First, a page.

Old dog, having to learn new tricks. "GFCI Question"

I have a Spa Heater that requires a 240V 30 Amp feed. There is no place to land a neutral, but the Damn thing requires a GFCI Breaker. What do I land in the lug for the Neutral (on the breaker). I just took the curly-cue white wire and landed it to the neutral bus and started enjoying the bubbles. Testing of the GFCI Breaker, I realized that the trip button didn't cause it to trip.
Time passes and I get a call from my brother-in-law asking me (the electrician) to hook up his spa heater. Same Problem is staring me right in the face. His new Heater does have what would appear to be two ground lugs. One inside the makeup box, and one outside. Is one for the neutral? I am OK risking my on life, ( I'm just in it for the bubbles!), but my sister is a different story. Can someone enlightin me or am I going to have to wipe the dust off my 1981 Code Book?
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Somebody please help this man before someone gets deep fried.
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I'd strongly recommend picking up an alternate book that's Yellow and has a section entitled "electricians."
If you don't know exactly what you're doing, this is especially one electrical project (Spa heater. Humans. Water. Electricity.) you should be calling a pro to do.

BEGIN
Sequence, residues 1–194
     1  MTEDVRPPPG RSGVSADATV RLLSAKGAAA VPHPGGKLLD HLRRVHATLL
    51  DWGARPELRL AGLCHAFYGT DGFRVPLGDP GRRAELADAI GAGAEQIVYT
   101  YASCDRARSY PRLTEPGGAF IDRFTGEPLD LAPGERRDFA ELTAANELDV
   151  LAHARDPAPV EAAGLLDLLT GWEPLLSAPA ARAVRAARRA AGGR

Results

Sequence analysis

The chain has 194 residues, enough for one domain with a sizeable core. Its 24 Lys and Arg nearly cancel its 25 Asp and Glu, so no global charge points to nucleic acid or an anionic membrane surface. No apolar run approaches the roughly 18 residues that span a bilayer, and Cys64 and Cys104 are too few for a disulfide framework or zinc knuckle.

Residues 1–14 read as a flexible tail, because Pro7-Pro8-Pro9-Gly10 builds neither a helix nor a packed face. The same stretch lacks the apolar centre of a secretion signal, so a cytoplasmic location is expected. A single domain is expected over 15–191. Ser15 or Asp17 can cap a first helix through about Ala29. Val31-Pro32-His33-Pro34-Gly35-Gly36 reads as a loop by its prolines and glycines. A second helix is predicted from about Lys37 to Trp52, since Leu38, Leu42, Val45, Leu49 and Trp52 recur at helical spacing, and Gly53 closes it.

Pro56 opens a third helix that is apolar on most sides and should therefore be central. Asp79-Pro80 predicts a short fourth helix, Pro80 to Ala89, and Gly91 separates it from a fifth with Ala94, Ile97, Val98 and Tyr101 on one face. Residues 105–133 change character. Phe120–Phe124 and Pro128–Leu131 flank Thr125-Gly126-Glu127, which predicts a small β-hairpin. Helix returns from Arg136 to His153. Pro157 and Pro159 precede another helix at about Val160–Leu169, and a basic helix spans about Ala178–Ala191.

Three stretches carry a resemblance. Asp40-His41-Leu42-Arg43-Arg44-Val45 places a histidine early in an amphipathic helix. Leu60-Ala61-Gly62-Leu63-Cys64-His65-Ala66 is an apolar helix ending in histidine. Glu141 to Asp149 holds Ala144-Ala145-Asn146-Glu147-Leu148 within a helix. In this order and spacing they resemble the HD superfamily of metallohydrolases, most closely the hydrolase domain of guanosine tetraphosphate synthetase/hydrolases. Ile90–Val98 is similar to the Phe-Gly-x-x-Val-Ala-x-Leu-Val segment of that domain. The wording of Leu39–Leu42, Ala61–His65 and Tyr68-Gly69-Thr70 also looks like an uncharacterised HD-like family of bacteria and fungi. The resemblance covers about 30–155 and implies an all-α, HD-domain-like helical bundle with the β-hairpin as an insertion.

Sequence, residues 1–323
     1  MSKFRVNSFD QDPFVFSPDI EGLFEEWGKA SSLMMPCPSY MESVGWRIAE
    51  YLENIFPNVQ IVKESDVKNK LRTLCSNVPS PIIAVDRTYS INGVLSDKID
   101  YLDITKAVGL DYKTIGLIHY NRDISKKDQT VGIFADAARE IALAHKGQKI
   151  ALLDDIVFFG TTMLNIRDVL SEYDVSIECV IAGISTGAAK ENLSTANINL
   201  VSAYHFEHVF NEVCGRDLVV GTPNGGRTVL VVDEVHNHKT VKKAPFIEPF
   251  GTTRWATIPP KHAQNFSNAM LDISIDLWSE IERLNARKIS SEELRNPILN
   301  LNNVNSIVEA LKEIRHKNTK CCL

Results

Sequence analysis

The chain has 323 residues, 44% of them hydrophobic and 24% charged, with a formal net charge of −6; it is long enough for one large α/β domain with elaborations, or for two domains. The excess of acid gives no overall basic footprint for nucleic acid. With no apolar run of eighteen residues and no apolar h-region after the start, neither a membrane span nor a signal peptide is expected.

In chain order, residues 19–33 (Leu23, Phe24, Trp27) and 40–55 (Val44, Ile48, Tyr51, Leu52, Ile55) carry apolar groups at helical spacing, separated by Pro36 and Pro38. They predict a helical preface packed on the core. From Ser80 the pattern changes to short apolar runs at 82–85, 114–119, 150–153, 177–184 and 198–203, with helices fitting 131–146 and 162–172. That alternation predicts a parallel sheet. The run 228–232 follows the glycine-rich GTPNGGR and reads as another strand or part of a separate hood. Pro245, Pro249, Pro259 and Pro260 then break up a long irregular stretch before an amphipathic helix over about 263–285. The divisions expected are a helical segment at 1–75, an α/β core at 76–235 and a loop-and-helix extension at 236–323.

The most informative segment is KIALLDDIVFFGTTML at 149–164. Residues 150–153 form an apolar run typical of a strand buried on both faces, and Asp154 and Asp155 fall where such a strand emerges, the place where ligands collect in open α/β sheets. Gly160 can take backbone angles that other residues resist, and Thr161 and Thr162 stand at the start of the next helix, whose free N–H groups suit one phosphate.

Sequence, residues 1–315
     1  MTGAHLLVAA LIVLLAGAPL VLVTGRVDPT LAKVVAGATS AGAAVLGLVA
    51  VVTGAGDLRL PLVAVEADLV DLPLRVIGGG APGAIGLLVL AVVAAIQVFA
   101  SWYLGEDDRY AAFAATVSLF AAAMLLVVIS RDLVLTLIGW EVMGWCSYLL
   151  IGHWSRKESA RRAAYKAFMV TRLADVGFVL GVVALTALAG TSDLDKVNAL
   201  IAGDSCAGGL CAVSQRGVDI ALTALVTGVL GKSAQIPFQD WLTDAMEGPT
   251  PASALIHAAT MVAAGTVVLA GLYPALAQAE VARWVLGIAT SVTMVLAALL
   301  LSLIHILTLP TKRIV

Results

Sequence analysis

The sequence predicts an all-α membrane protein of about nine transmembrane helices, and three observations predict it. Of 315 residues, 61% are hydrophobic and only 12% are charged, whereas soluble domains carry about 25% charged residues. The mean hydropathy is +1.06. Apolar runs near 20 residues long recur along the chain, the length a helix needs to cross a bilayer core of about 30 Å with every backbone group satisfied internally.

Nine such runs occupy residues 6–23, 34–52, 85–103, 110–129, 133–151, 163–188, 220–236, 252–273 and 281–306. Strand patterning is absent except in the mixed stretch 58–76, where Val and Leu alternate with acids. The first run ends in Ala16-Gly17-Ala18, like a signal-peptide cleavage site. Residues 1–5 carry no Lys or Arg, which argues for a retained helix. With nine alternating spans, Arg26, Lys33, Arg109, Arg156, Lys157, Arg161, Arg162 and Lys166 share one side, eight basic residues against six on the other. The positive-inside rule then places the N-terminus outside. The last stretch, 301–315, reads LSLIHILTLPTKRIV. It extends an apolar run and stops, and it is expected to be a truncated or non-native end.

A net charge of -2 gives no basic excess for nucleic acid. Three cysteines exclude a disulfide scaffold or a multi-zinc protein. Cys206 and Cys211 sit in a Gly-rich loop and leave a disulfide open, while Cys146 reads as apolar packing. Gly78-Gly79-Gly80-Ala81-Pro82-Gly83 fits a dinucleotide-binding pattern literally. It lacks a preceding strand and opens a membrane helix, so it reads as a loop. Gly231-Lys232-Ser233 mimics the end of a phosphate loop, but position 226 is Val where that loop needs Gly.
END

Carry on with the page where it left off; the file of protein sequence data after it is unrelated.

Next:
Water, bathing humans, electricity, and hobby handymen do not mix.
Best Regards, -- Todd H. http://www.toddh.net /
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Hey I got an Idea. If you can't appreciate the humor, and you can't offer any advice, than post to something you know! There were no humans fried during this Inquire

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I dunno there... I know enough about electricity, liability, and human nature enough to identify people who know just enough to be _really_ dangerous. If your posting doesn't raise a red flag, I dunno what would.

Yet.
:-)
-- Todd H. http://www.toddh.net /
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I know you need some sound advice!!!
And to talk about not appreciating humor... pot kettle black.